One thing is for certain, though: Shade Empire are capable of producing an album worthy of 95% or more. While the successor, Omega Arcane, saw Shade Empire moving away from the disjointedness and unsure songwriting of Zero Nexus, it also saw the band solidify their emphasis on chugging and unimaginative songwriting. I honestly wish the guitarists would start riffing consistently and put out an album that is one hundred percent kickass, and stop wasting their time with the mundane. I mean, this album is performed competently enough, and listening to it I can really get into it, but I feel like Shade Empire played it "safe" and, on the brink of creative genius, held back and restrained themselves. This kills a lot of the dynamics and aggression -- too many times I was expecting the band to open up a can of whoopass and really knock me down with their blend of symphonic industrial black/death metal, only to be disappointed by more mid-paced chugging. Too many times did they rely on 0-0-0-0-0-0-0-0 repeat kind of "riffs", which, coupled with the (at times) ineffectual songwriting and you have an album that doesn't know what it wants to be, tries to please everyone, and ends up pleasing no one. I mean, for antichrist's sake, they're playing industrial death/black metal; I don't think it's too much to expect for them to at least fuck with my head a little. I mean, they're very close to the avant-garde in terms of overall style, yet they are so afraid of experimentation, and I wish they would just let loose and do highly bombastic things JUST BECAUSE THEY CAN.

But they don't. They just chug away with the symphonics in the background. This is average, and could have been so much better, but wasn't.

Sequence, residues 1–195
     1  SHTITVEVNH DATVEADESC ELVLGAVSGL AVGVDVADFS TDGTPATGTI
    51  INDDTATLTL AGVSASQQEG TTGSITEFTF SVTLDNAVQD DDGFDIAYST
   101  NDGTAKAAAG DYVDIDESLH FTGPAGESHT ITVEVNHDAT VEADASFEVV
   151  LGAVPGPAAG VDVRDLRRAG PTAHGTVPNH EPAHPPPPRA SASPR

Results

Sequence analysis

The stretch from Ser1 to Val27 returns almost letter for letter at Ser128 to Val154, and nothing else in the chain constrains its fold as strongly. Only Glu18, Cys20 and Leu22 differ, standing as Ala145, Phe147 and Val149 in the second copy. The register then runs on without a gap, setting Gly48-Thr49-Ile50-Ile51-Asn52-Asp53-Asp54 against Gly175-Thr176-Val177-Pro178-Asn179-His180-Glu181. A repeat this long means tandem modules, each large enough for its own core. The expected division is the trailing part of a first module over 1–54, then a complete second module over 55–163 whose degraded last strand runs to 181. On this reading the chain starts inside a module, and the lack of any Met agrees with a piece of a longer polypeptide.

A punch to the solar nexus - 72%

joncheetham88, November 2nd, 2011

After two well-received if, in my opinion, spotty albums, Shade Empire heaved up a massive effort with Zero Nexus. The smorgasbord of melodic thrash, technical death metal and synthesized chaos with an industrial sheen they're going for manifests with a brighter, colder light here. They sound less confused, less influenced and more their own. It ain't perfect, but it's worth a listen. For reasons I shall now divulge.

The opening two bursts of adrenalin, for example, are both tight, technical tyrants, bristling with mechanically precise drumming, pinpricking synths and the slavering, throaty rasps of Juha Harju. Janne Niiranen and Juha Sirkkia can really move their Finnish Finngers, whipping out a buttload of tight-ass riffs and executing volatile pace changes while drummer Erno Rasanen would hold his own in a premier tech death band easily, even though he is downplayed by the clanking mix. Which is deliberate, I can only assume.